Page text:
Amidst another scandal surrounding U.S. News and World Report’s college rankings, economists Christopher N. Avery, Mark E. Glickman, Caroline M. Hoxby, and Andrew Metrick have proposed another option: rankings based on students’ revealed preferences. Here’s the abstract:
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We present a method of ranking U.S. undergraduate programs based on students’ revealed preferences. When a student chooses a college among those that have admitted him, that college “wins” his “tournament.” Our method efficiently integrates the information from thousands of such tournaments. We implement the method using data from a national sample of high-achieving students. We demonstrate that this ranking method has strong theoretical properties, eliminating incentives for colleges to adopt strategic, inefficient admissions policies to improve their rankings. We also show empirically that our ranking is (1) not vulnerable to strategic manipulation; (2) similar regardless of whether we control for variables, such as net cost, that vary among a college’s admits; (3) similar regardless of whether we account for students selecting where to apply, including Early Decision. We exemplify multiple rankings for different types of students who have preferences that vary systematically.
A reader named Mark Kozel writes to say:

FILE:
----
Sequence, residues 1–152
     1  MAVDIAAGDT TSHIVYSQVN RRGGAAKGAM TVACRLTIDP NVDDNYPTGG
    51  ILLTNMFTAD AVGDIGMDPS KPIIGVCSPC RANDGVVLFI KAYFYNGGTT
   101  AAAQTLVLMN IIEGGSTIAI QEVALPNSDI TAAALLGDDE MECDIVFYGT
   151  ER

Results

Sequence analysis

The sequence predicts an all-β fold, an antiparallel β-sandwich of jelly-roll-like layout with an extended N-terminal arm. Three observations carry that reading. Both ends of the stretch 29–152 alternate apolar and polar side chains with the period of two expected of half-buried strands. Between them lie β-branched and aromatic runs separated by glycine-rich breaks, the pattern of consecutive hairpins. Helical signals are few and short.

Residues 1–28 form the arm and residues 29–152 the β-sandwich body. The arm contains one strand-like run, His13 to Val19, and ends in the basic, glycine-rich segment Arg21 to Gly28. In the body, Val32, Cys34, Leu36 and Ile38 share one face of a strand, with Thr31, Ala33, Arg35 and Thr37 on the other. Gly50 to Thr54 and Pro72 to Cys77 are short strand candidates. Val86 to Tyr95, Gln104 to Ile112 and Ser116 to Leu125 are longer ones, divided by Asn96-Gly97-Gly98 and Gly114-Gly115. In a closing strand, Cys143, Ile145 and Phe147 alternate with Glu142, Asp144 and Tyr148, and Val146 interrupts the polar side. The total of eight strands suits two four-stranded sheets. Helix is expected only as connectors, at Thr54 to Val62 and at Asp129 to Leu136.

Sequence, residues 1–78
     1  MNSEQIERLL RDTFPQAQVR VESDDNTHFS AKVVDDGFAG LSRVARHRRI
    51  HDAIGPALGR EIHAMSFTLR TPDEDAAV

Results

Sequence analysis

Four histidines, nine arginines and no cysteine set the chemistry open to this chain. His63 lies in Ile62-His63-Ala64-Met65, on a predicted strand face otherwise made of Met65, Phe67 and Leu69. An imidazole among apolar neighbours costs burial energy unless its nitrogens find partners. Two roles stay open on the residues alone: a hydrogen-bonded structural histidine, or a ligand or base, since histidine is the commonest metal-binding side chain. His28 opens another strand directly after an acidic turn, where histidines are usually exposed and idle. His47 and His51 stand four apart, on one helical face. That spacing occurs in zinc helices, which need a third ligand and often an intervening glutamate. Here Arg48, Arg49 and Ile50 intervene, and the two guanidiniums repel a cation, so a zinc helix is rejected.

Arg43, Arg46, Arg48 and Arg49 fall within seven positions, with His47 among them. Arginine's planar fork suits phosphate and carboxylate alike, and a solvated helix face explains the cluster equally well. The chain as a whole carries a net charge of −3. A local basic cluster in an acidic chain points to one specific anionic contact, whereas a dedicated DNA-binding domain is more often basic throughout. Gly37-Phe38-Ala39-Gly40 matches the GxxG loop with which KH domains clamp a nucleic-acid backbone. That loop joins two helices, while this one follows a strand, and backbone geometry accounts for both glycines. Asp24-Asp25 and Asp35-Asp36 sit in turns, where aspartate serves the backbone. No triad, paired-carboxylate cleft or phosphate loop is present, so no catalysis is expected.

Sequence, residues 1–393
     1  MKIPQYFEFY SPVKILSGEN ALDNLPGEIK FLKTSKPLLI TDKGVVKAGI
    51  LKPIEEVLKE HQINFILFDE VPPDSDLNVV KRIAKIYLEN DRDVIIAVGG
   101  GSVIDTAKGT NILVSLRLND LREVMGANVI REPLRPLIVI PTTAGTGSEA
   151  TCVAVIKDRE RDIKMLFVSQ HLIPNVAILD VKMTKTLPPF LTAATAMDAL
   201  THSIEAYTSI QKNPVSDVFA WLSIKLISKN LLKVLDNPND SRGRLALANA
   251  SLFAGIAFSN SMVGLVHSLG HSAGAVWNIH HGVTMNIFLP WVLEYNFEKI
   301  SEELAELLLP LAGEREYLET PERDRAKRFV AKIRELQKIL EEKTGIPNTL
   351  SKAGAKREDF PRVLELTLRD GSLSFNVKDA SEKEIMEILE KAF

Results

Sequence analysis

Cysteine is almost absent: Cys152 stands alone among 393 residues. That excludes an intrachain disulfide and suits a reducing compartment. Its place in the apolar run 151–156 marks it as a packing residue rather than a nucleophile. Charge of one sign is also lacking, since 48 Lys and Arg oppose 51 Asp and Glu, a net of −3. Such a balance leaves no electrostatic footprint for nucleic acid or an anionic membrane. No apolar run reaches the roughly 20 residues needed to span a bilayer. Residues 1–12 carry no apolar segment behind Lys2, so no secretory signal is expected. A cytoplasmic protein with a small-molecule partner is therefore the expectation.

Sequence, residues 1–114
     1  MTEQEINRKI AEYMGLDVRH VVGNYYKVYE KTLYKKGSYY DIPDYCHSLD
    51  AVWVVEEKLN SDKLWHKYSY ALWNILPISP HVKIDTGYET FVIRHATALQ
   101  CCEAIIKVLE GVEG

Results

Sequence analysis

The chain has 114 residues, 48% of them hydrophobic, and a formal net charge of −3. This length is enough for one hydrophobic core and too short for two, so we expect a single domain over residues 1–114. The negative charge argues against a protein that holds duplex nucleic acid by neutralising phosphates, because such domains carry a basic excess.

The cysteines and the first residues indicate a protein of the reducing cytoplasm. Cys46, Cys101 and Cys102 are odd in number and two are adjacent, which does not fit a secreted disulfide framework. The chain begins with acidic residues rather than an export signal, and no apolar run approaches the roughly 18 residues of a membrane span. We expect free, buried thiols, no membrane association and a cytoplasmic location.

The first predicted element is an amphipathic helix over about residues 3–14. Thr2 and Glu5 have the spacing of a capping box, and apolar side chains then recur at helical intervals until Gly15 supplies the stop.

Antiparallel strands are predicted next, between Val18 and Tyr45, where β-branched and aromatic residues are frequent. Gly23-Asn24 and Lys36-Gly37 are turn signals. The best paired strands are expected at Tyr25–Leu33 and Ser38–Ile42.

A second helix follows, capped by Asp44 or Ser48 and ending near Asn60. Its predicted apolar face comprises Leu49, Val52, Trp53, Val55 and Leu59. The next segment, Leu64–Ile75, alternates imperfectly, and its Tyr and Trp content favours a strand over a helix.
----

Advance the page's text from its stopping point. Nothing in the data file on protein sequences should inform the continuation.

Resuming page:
I heard that Chicago will be pouring up to $14 million into police overtime to prevent murder and violent crime.
It got me thinking: is it cheaper to prevent this kind of crime, or to just let it happen and clean up the mess afterwards?
It would be hard to find many people, even economists, who would arguing that “just letting it happen” isn’t an outcome that society should even think about accepting. Read More »
A rose by any other name is just as sweet, isn’t it? Even virtual roses used in Korean online dating experiments. In a new working paper by main author Soohyung Lee of the University of Maryland, economists studied the impact on preference signaling – signals sent to a select few.
In the study, a major online dating company in Korea organized dating events with 613 participants, half men and half women. Everyone was given two free “virtual roses” that they could attach to an e-mail to a fellow participant, and a few were given 8 virtual roses. Although these roses cost nothing, attaching a rose to an e-mail drastically increased rates of acceptance, even among different “desirability” groups. Read More »